This photo of the writer Jack Kerouac was taken in New York in 1953 by his colleague and friend Allen Ginsberg, and it’s now in a show of Ginsberg photos that just opened at the Gray Art Gallery of NYU, where it’s on tour from the National Gallery of Art. The story around this and other early photos is that Ginsberg took them as snapshots and stowed them in a drawer until 1983, when he rediscovered, reprinted, published and sold them. What strikes me about the photos, however, is that a great many of them are far from casual shots: They show a deep acquaintance with all the stylish modern photography that preceded them. The Kerouac image, with its deliberate “error” of grafting a statue onto the poet’s head, would have been at home in the Bauhaus. This, you could say, was a specialty of Ginsberg and the other Beats: Taking the innovations of radical modernism and re-presenting them as impassioned outpourings direct from the soul. (This becomes obvious, and cloying, in the 1980s, when Ginsberg added faux-naif, nouveau-Beat scrawled captions at the bottom of his reprinted photos. His Kerouac portrait is shown here in its original, un-“improved” version.)

For a full visual survey of past Daily Pics visit BlakeGopnik.com/archive.

BRAINIAC

Is There a Science of Art?

In his new book ‘The Age of Insight,’ the memory biologist Eric Kandel studies the art of Vienna, where he fled from the Nazis when he was 9. Jimmy So talks to the Nobel winner.

Start at the end. My advice, if you were to find yourself with a copy of Eric Kandel's new book, The Age of Insight—and I recommend that you do—is to first read the acknowledgments, on page 511. For at the end of this handsome chunk of text come the most personal memories: "I was born in Vienna on November 7, 1929 … Near our house were three museums that I never visited as a child, but whose subject matter later came to fascinate me and that now assumed a significant role in this book.”

The first is the Vienna Medical Museum celebrating, among others, the pioneering work of medical doctor Carl von Rokitansky. The second is the Sigmund Freud Museum, which used to be the great man’s apartment. The third is the Upper Belvedere Museum, which houses the world’s greatest collection of the paintings of Gustav Klimt, Oskar Kokoschka, and Egon Schiele. So arrives, in the autumn of a long and decorated life, The Age of Insight, which really is one continuous and loving acknowledgment—of the debt that Kandel owes to the ghosts of great figures.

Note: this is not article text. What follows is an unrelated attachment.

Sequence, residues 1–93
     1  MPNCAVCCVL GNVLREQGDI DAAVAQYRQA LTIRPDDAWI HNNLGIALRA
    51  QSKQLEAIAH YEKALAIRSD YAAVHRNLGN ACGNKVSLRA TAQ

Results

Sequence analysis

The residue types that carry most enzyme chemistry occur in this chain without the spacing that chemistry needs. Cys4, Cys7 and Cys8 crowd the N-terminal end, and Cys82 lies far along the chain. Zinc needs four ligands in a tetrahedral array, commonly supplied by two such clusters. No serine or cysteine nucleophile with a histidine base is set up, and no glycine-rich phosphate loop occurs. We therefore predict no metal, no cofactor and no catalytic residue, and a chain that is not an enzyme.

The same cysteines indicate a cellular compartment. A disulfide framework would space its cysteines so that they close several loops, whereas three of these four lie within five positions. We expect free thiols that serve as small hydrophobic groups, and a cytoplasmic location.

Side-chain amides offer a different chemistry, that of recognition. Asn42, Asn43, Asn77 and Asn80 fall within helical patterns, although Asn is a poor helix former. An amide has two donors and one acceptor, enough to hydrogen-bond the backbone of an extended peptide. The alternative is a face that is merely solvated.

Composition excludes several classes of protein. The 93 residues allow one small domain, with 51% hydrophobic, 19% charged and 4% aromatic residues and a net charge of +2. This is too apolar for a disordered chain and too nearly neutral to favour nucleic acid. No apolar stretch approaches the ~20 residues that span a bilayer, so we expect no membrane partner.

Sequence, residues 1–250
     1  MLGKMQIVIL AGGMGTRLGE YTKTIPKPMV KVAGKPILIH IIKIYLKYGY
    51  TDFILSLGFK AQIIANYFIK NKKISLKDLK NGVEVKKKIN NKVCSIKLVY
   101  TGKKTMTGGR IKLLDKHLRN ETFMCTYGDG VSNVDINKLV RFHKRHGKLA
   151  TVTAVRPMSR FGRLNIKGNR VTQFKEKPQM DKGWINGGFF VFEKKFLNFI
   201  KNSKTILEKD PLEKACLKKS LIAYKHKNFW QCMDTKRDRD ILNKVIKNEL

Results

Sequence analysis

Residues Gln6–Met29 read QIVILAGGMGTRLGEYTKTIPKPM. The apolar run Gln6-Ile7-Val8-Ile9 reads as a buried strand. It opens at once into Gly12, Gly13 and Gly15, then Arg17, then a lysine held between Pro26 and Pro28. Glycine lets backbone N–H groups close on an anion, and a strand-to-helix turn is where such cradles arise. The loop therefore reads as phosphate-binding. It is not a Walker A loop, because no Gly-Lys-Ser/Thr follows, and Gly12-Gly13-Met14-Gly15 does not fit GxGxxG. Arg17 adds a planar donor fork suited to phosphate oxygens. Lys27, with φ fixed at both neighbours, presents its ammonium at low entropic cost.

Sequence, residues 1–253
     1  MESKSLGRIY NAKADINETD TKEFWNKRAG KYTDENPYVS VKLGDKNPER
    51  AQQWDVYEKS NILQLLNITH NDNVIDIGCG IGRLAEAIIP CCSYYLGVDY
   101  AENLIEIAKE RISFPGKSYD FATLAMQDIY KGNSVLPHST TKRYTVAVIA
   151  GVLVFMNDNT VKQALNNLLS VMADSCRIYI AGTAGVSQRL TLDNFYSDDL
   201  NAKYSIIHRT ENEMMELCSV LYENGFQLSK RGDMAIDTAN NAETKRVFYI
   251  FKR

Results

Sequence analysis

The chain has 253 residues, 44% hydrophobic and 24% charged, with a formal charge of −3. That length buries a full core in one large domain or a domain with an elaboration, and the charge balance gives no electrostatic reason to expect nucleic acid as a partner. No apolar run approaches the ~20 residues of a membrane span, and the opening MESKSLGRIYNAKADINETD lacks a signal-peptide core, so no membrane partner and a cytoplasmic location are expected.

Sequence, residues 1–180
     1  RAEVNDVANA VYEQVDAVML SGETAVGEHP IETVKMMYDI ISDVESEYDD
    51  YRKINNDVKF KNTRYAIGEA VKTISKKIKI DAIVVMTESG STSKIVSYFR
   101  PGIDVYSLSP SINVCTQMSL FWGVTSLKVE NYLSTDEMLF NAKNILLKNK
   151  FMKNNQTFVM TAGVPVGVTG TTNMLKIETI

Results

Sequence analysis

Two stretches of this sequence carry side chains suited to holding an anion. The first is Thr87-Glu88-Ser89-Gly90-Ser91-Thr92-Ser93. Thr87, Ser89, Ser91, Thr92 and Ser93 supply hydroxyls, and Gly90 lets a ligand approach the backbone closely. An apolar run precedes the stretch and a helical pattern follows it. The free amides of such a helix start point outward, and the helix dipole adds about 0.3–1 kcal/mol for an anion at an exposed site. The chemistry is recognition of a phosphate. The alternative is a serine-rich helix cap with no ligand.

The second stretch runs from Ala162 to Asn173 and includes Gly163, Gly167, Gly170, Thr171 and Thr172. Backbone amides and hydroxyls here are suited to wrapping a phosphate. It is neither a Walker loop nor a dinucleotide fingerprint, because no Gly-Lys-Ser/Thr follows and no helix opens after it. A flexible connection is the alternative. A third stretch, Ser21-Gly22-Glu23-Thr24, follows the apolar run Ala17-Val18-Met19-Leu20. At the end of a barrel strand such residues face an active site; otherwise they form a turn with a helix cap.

Kandel, the founding director of the Center for Neurobiology and Behavior at Columbia University, always has a lab coat that drapes over his body. He wears a bow tie, and holds court in a spectacular corner office overlooking the Hudson River. I walked in thinking these were signs of authority and tradition, of an outer protective layer. But I was mistaken. Kandel laughs so very easily, and when he does his mouth opens like a Muppet’s. He points to a small painting on his wall, a Bruegel-like scene of town folks punching one another. “That? That is Columbia academics,” and bursts into giggles. This is a man who by all expectations should be feared and looked up to. In 2000 he shared the Nobel Prize in Physiology or Medicine for far-reaching discoveries about how memory—that mysterious, illusive dream—is created and stored. He is regarded as something of a modern-day Mnemosyne, the Greek goddess of remembrance, with ghosts that ought to be cursed.

Klimt’s Medicine

Klimt’s 'Medicine' (Photo: Imagno, Austrian Archives / Getty Images)

Subway Romance

In this clip from a video called "Wind Tunnel," New Yorker Neil Goldberg captures subway riders buffeted by the air from passing trains. It's a highlight from "Stories the City Tells Itself", his solo show at the Museum of the City of New York.

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The Daily Pic

The Guardian Mothers of Art

The Guardian Mothers of Art

The Daily Beast: Andy Freeberg shoots the female guards at Russian museums.